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Paper: PAHs and Star Formation
Volume: 323, Star Formation in the Interstellar Medium: In Honor of David Hollenbach, Chris McKee, and Frank Shu
Page: 135
Authors: Tielens, A.G.G.M.; Peeters, E.; Bakes, E.L.O.; Spoon, H.W.W.; Hony, S.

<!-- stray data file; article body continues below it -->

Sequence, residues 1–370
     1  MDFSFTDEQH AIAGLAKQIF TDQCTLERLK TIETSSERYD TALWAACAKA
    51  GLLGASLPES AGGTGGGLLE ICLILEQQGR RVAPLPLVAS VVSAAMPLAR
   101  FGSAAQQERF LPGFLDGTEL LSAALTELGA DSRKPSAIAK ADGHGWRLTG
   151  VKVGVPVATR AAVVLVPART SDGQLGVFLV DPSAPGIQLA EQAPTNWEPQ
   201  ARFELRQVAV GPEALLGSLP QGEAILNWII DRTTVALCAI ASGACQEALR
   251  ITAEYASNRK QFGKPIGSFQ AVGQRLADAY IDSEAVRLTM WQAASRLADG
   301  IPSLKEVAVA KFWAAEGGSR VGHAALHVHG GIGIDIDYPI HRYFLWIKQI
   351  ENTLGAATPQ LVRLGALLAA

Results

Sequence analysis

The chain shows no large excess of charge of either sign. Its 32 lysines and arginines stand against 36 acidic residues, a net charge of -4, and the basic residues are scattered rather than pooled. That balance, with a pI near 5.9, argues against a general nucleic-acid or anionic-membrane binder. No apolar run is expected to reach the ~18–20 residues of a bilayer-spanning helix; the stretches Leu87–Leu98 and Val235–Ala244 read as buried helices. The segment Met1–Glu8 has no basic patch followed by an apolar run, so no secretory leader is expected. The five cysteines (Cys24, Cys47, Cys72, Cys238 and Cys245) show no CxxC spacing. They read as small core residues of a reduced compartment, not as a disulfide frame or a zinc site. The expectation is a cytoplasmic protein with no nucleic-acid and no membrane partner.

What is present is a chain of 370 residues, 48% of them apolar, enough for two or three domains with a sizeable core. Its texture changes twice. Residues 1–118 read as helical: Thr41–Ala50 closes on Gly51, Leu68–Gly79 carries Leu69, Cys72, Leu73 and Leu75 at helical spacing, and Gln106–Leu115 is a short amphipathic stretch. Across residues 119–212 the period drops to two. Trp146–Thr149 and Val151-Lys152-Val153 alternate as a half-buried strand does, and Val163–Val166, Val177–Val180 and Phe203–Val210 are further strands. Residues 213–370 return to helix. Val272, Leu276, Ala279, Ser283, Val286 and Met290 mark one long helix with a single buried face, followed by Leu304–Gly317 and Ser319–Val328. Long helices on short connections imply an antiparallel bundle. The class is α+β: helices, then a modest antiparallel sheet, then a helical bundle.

Abstract: Strong IR emission features at 3.3, 6.2, 7.7, 8.6, and 11.2 μm are a common characteristic of regions of massive star formation. These features are carried by large (∼ 50 C-atom) Polycyclic Aromatic Hydrocarbon molecules which are pumped by the strong FUV photon flux from these stars. These molecules are abundant, ubiquitous, and a dominant "force" in the interstellar medium. In particular, PAHs dominate the photoelectric heating of interstellar gas and thereby shape the phase (cloud/intercloud) structure of the ISM. PAHs are also the dominant negative charge carriers inside dense molecular cloud cores and, hence, regulate the charge balance of molecular gas. Thus, PAHs control the ambipolar diffusion process and the onset of gravitational collapse. Conversely, the spectral properties of PAHs are heavily influenced by the local physical conditions and this can be used to study the characteristics of (star formation) regions. Finally, with care, the observed strength of the PAH emission features can be used as a quantitative measure of the star formation rate.
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